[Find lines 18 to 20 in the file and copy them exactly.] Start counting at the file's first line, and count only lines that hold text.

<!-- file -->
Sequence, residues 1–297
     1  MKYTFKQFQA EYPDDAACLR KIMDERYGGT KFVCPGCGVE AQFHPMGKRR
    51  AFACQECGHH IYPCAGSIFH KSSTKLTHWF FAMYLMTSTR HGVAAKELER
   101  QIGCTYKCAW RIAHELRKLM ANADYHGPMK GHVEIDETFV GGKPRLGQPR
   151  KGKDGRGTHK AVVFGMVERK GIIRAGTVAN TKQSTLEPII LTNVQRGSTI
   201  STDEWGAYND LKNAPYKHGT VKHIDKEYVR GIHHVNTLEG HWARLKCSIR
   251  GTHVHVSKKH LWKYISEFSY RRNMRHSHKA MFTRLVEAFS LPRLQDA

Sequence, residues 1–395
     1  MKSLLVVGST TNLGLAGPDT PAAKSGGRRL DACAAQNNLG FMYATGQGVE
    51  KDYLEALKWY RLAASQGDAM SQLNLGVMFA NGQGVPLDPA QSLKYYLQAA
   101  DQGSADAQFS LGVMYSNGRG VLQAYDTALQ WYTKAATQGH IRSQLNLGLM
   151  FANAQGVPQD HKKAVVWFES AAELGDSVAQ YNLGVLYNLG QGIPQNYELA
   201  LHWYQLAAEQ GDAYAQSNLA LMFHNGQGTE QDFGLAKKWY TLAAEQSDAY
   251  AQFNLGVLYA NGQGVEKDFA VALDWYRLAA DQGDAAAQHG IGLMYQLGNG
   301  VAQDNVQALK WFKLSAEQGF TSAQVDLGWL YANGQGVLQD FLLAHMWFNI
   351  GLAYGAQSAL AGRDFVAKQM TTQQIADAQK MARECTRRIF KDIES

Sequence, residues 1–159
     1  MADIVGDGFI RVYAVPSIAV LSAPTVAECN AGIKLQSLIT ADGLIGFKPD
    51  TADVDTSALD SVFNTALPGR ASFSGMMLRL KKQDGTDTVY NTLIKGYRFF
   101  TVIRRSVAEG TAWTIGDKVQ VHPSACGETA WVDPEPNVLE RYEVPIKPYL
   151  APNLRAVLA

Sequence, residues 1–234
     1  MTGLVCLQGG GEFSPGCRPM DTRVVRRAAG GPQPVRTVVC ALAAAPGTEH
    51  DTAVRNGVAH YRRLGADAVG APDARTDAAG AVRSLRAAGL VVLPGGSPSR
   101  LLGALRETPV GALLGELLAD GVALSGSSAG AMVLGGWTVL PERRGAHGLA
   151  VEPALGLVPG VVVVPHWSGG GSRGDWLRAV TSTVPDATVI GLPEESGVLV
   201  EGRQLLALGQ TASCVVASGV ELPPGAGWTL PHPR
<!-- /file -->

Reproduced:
     1  MADIVGDGFI RVYAVPSIAV LSAPTVAECN AGIKLQSLIT ADGLIGFKPD
    51  TADVDTSALD SVFNTALPGR ASFSGMMLRL KKQDGTDTVY NTLIKGYRFF
   101  TVIRRSVAEG TAWTIGDKVQ VHPSACGETA WVDPEPNVLE RYEVPIKPYL